Rugby World Cup 2015: Why Samu Manoa Will Be USA's X-Factor

Danny Coyle@dannyjpcoyleFeatured ColumnistSeptember 11, 2015

CHICAGO, IL - SEPTEMBER 05: Samu Manoa #8 of the United States Eagles advances the ball against the Australia Wallabies during a match at Soldier Field on September 5, 2015 in Chicago, Illinois. (Photo by Jonathan Daniel/Getty Images)
Jonathan Daniel/Getty Images

The Eagles land in England for the 2015 Rugby World Cup with an improving team looking to take a scalp or two in their pool matches.

Mike Tolkin’s United States are in a group with South Africa, Scotland, Samoa and Japan and showed glimpses in their latest outing, against Australia, that they can ruffle a few feathers of the more fancied sides.

This ability to unsettle is spearheaded, as you might expect, by the one-man demolition crew that is Samu Manoa.

Northampton Saints fans will know exactly what this man is all about.

They bade him farewell at the end of the recent season. He is off to join the star-studded Toulon, whose decorated playing squad will not fancy tackling practice against the big American.

Comfortable at second row but more effective when bursting out of the No. 8 position, Manoa packages size, strength, speed and aggression in all the right amounts to rank as one of the sport's most impactful players.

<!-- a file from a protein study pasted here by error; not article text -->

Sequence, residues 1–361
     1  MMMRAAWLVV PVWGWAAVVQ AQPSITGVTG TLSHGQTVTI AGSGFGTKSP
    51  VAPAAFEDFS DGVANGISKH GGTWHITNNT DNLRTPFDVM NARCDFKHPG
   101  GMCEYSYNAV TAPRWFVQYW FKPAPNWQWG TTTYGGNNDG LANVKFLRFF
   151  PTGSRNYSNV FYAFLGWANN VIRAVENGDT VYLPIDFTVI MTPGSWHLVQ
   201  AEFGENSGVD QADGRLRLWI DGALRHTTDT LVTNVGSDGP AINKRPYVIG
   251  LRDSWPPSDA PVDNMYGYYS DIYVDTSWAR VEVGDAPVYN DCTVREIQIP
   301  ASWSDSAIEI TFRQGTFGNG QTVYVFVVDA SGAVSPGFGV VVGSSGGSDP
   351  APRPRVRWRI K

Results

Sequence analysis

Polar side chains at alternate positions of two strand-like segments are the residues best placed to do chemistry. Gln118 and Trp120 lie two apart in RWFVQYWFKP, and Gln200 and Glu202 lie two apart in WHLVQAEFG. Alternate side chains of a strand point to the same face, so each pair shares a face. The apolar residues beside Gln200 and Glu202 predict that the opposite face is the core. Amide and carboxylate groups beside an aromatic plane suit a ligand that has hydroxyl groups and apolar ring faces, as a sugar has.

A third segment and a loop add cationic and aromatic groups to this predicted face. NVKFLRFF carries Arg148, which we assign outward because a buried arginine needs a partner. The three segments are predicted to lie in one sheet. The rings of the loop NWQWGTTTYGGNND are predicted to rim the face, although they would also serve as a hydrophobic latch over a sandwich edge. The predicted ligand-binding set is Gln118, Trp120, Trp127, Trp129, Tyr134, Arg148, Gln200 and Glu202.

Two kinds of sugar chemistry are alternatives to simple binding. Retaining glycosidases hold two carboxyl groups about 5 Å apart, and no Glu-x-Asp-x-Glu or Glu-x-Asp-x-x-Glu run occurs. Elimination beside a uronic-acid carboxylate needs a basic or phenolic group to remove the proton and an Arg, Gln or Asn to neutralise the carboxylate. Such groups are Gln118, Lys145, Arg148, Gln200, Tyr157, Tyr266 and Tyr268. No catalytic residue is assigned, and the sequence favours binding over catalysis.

When it was announced he would be leaving the Saints for the French giants—whose owner, Mourad Boudjellal, offered him the first ever four-year contract of his tenure, underlining the club's opinion of his talents—Tom Hamilton of ESPN wrote:

Manoa is perhaps the finest No. 8 playing the game in the northern hemisphere. ... You can count the like-for-like replacements for Manoa on the fingers of one hand yet you doubt Kieran Read will be coming north after the World Cup and Bath are getting ever-closer to signing Duane Vermeulen.

That is rarefied company to be associated with, and his performances continue to prove why he is held in such high regard.

In the final round of warm-up matches, he was in the vanguard of what the Guardian’s Martin Pengelly described as a “snot-rattling” defensive effort from the U.S. against Australia. When he was withdrawn, his absence was keenly felt, as Pengelly wrote:

"So that’s what happens when you take Samu Manoa off for a rest—Australia score five tries and escape a real embarrassment. ... [Manoa] was at the heart of a magnificent defensive effort at Soldier Field."

It may take a few more bone-shaking hits from the 30-year-old to haul his countrymen to a win over Scotland and the Samoans.

You have to wonder whether the retention of the jettisoned Todd Clever from the Eagles back row would have given them one of the most fearsome units in the tournament had he been paired with Manoa.

We will never know. But you can bet your last dollar that if the Americans are to spring a shock in this World Cup, Manoa will be the man to make it happen.

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